The program will be under the auspices of the Department of Agricultural Studies with a budget of €1 mln each year for the next seven years. The program has already been approved by the cabinet.
The program is planned to kick-off in 2020 if the ministry can prove that it has saved enough to cover the 2020 budget, as the program was not included in the state budget presented on Friday.
However, the Ministry feels confident that the money is available, and the project will begin as of January.
The program had initially been funded by the EU in its initial stages through the ‘TEAMING’ project within the Horizon 2020 but was not considered eligible for further funding as it lost its place to other EU projects.
Horizon 2020 is the biggest EU Research and Innovation programme with nearly €80 billion of funding available over 7 years (2014 to 2020).
Welcoming the government’s plans to actively enhance goat and sheep milk production, the Cyprus Dairy Producers Association feels the state should have been doing more to support stockbreeders.
“The state should have come forward with such programs much earlier to support farmers and accommodate the ever-growing need for goat and sheep milk, especially for Halloumi products,” said Andreas Andreou, secretary of the Association.
Andreou said that difficult times are ahead as the current rate of goat and sheep milk production is not expected to suffice to cover needs that will be created with the approval of the PDO file which will see halloumi being made from at least 51% goats and sheep milk.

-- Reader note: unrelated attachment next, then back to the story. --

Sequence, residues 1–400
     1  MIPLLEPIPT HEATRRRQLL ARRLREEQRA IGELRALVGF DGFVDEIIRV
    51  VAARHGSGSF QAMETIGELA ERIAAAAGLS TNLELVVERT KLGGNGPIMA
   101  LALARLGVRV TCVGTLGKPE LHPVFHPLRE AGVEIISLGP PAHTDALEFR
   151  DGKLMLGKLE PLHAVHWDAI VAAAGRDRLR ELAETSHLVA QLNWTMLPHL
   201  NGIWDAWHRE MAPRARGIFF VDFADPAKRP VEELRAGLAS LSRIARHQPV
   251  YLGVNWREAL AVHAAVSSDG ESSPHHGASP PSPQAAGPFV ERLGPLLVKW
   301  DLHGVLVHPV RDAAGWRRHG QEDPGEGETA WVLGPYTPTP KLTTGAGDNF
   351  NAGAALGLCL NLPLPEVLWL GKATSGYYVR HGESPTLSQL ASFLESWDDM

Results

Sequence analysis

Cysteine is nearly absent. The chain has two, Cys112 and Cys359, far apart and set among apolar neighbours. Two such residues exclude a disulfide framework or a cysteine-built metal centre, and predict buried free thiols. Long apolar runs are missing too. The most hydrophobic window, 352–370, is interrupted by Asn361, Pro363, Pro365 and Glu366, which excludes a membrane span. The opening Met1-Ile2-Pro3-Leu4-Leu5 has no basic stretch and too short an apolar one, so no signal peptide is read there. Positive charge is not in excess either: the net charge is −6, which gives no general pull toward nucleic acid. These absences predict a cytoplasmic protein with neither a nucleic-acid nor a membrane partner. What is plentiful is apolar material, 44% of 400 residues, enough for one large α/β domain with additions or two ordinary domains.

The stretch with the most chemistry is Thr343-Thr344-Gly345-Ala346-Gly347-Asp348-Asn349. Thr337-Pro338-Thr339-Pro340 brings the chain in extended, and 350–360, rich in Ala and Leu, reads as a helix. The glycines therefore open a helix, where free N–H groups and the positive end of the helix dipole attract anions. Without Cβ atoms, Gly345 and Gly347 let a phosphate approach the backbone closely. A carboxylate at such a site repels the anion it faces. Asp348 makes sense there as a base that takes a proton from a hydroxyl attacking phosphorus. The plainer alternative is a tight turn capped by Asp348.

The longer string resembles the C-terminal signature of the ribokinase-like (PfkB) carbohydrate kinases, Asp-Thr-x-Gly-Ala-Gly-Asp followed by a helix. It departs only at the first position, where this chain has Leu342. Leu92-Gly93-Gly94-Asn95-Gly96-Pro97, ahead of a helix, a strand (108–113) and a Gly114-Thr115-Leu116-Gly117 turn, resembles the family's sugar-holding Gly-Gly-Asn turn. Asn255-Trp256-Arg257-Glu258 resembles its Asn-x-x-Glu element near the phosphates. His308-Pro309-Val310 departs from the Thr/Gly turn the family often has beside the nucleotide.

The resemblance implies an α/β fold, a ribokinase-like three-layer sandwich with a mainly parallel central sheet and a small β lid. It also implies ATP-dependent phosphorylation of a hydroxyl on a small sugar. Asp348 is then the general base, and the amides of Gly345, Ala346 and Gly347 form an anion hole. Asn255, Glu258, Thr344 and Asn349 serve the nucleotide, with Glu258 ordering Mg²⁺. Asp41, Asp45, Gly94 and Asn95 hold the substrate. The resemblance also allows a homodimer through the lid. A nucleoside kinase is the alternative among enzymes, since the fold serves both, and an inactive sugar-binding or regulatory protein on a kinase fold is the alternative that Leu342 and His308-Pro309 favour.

“As things stand today, we have grave difficulties in covering the needs for Halloumi production. Currently, we apply a 20-80% goat-sheep to cow milk ratio. As of 2024, we will be obliged to apply a ratio of at least 51-49%,” said Andreou.
He said the annual production of sheep and goats’ milk is about 60 million litres of which 10 million litres are used for other dairy products.
“This leaves just 50 million litres for halloumi production, which means 100 million litres (when the 49% cow’s milk is added) would be needed”.
This suggests that under the final specifications, production would shrink by more than 50% and so would annual revenue.
As confirmed by the Ministry of Commerce data, total income generated from halloumi exports reached €197 mln in 2018, while exports until June this year have generated €136.
The Dairy Producers Association expect to see the figure reach a record €200 mln this year, while the target set by the Commerce Ministry is for exports to generate €300 mln yearly by 2023.
“This will all depend on the availability of raw materials, in this case, milk,” said Andreou.
The Association’s concerns are echoed in the UK where Halloumi lovers appear to be worried about a shortage of their favourite Cypriot cheese if the EU adopts stricter criteria in its attempt to give the product protected status.
The Daily Mail said that Britain is the biggest market for halloumi buying 40% of exports.
According to the UK media, new rules state that milk used in the production of Halloumi must come from goat and sheep of certain breeds native to the island.
“But local herds are still suffering from a cull after an outbreak of scrapie a decade ago,” noted the Daily Mail.
According to the paper, head of the Dairy Producers Association George Petrou said farmers would also have to ensure their sheep, goats and cows graze on five specific plants – but three of them are protected.
Asked to comment on reports in the UK, Andreou confirmed contradictions in the PDO file, noting that these are just the technical problems of the file, noting that the real problem has to do with farmers capacity to produce the necessary milk quantities.